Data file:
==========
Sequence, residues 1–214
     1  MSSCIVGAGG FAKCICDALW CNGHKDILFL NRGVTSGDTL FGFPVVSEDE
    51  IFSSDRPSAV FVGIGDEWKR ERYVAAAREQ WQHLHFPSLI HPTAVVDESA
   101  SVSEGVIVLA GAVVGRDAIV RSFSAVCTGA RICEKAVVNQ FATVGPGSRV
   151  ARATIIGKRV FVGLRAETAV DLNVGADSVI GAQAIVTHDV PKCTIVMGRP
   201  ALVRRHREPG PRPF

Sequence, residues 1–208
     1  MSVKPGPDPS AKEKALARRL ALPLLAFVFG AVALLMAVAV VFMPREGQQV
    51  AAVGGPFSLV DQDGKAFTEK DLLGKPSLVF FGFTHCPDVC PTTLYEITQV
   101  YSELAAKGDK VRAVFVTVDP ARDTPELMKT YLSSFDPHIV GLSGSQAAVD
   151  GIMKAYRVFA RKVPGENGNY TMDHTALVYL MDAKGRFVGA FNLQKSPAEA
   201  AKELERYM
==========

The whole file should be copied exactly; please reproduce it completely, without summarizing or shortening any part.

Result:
Sequence, residues 1–214
     1  MSSCIVGAGG FAKCICDALW CNGHKDILFL NRGVTSGDTL FGFPVVSEDE
    51  IFSSDRPSAV FVGIGDEWKR ERYVAAAREQ WQHLHFPSLI HPTAVVDESA
   101  SVSEGVIVLA GAVVGRDAIV RSFSAVCTGA RICEKAVVNQ FATVGPGSRV
   151  ARATIIGKRV FVGLRAETAV DLNVGADSVI GAQAIVTHDV PKCTIVMGRP
   201  ALVRRHREPG PRPF

Sequence, residues 1–208
     1  MSVKPGPDPS AKEKALARRL ALPLLAFVFG AVALLMAVAV VFMPREGQQV
    51  AAVGGPFSLV DQDGKAFTEK DLLGKPSLVF FGFTHCPDVC PTTLYEITQV
   101  YSELAAKGDK VRAVFVTVDP ARDTPELMKT YLSSFDPHIV GLSGSQAAVD
   151  GIMKAYRVFA RKVPGENGNY TMDHTALVYL MDAKGRFVGA FNLQKSPAEA
   201  AKELERYM